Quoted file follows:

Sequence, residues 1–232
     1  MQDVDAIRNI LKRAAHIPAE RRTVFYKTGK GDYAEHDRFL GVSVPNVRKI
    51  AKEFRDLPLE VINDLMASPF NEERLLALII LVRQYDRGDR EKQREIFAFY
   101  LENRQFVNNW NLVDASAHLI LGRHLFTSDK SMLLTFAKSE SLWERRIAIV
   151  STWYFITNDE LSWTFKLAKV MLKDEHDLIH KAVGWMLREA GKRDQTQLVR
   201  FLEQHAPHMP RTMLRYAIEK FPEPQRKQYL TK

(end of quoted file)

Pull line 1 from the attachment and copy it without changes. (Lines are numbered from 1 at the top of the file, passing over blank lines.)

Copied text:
Sequence, residues 1–232